In this wordless title, a tousled boy in overalls receives a present that changes his life.
The opening depicts the protagonist holding the box on the recto; his gaze follows a leg disappearing from the verso. Once unwrapped, the red ink of the new toy—the titular airplane—contrasts with the muted, lightly flecked, taupe, green and gray backgrounds. Pacing is controlled through subtle changes in these colors, modulating from four varied, vertical panels on a page to unified double-page spreads. After cavorting with a curious bird (which remains a comforting presence throughout), the child launches the plane and watches it land on the roof. Neither ladder, lasso, pogo stick, nor hose offers a solution, but inspiration falls from a tree in the form of a maple seed “helicopter.” The boy plants the seed next to the house, and decades pass; finally, the tree’s growth allows retrieval. The now-plump, bearded man revels in his toy once again but then pauses, reflectively. The narrative comes full circle as he exits empty-handed stage right, while a girl across the gutter holds a present.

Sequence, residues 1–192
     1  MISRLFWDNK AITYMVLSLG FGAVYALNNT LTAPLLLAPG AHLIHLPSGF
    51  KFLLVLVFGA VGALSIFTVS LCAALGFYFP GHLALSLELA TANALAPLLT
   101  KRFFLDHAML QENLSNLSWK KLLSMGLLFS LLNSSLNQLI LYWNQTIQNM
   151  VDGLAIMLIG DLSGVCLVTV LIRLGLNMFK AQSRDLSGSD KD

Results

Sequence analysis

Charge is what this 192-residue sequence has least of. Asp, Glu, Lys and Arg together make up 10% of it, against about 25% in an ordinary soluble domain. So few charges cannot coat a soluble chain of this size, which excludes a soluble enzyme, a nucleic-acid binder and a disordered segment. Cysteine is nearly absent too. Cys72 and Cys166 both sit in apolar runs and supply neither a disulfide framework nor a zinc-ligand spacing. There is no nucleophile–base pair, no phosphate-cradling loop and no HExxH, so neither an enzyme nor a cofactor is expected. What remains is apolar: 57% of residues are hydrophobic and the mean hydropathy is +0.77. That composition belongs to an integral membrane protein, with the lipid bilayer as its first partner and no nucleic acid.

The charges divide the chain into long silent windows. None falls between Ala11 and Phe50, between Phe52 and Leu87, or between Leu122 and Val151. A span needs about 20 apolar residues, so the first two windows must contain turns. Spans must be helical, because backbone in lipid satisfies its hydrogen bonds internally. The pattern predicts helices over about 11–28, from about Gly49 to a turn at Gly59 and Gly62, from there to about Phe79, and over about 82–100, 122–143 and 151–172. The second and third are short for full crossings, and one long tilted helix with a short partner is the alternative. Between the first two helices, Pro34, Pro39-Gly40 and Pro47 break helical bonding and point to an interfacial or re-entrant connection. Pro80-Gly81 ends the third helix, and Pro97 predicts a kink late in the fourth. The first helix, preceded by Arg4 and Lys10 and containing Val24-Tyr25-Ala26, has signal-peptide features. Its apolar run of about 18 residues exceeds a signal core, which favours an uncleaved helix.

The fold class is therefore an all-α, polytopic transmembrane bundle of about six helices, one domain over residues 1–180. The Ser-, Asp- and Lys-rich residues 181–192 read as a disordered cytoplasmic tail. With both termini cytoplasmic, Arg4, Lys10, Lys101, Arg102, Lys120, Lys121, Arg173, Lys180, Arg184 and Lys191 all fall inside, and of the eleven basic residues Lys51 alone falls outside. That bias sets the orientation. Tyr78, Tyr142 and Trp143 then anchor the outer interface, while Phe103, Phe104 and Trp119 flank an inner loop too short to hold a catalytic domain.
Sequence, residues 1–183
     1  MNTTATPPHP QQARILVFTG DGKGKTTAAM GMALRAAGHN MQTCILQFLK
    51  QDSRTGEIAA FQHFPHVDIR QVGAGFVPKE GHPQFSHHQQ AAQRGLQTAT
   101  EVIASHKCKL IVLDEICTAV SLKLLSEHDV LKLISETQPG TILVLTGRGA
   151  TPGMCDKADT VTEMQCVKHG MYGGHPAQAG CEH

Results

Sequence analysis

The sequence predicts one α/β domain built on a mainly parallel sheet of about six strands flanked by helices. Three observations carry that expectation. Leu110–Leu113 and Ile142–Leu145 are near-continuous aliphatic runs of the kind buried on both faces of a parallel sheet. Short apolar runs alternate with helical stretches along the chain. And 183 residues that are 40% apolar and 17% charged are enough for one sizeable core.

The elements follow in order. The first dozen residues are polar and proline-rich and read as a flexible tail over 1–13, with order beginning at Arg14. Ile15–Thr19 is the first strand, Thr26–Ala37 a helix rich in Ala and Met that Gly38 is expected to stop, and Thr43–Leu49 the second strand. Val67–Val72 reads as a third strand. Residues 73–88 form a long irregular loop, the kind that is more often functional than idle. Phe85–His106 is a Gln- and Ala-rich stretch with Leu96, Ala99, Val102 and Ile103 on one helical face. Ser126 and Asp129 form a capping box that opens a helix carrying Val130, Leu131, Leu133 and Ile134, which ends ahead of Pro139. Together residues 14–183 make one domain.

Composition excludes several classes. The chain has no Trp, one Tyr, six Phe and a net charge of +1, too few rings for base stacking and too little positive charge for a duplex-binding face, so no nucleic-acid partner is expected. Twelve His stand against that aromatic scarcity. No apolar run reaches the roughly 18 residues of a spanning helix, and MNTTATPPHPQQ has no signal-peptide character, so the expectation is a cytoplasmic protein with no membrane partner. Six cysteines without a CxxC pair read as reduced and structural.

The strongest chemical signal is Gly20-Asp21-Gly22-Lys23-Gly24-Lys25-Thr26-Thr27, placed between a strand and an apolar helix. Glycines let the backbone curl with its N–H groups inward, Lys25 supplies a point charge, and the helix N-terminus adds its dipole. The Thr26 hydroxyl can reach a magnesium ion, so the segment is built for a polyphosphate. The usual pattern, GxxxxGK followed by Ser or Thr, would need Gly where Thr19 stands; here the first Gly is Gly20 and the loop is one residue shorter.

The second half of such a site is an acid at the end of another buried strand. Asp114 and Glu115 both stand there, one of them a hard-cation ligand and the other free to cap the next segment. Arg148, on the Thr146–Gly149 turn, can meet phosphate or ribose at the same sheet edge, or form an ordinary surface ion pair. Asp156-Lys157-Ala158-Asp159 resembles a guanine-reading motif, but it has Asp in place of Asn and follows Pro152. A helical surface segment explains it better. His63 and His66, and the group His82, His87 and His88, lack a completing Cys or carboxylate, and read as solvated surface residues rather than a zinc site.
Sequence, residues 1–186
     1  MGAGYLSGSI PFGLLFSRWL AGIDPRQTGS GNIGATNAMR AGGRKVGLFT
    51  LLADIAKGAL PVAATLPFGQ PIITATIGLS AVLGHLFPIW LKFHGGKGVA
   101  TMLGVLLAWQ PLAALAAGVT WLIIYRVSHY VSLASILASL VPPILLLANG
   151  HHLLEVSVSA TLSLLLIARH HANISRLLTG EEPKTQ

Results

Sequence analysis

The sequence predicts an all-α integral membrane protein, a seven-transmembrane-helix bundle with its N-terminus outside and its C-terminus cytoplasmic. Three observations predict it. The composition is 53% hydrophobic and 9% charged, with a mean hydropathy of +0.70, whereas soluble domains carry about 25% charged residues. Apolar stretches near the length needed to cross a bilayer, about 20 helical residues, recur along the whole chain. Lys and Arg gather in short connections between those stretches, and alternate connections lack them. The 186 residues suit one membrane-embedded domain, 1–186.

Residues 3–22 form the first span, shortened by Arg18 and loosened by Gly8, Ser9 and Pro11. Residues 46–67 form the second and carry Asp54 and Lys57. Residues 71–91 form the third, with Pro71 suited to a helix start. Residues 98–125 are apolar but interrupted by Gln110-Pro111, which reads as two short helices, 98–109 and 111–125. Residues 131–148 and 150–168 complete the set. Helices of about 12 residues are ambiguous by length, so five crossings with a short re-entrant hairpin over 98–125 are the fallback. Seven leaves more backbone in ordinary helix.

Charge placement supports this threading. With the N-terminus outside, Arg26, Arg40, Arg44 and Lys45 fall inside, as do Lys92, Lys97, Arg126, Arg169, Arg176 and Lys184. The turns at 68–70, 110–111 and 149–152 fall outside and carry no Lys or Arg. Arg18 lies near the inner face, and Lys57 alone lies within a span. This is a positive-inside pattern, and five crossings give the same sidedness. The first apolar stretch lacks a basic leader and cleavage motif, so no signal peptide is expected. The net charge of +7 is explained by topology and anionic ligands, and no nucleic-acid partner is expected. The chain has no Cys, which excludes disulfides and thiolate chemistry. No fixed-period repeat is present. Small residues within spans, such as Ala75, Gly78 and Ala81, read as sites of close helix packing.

Recalling both the ingenuity of Oliver Jeffers’ Stuck (2011) and the sense of foreboding in Chris Van Allsburg’s Jumanji (1981), Pett’s winsome caricatures enact a quietly provocative drama certain to raise questions about the value of patience, the burden of ownership and the ethics related to this instance of “re-gifting.” (Picture book. 4-10)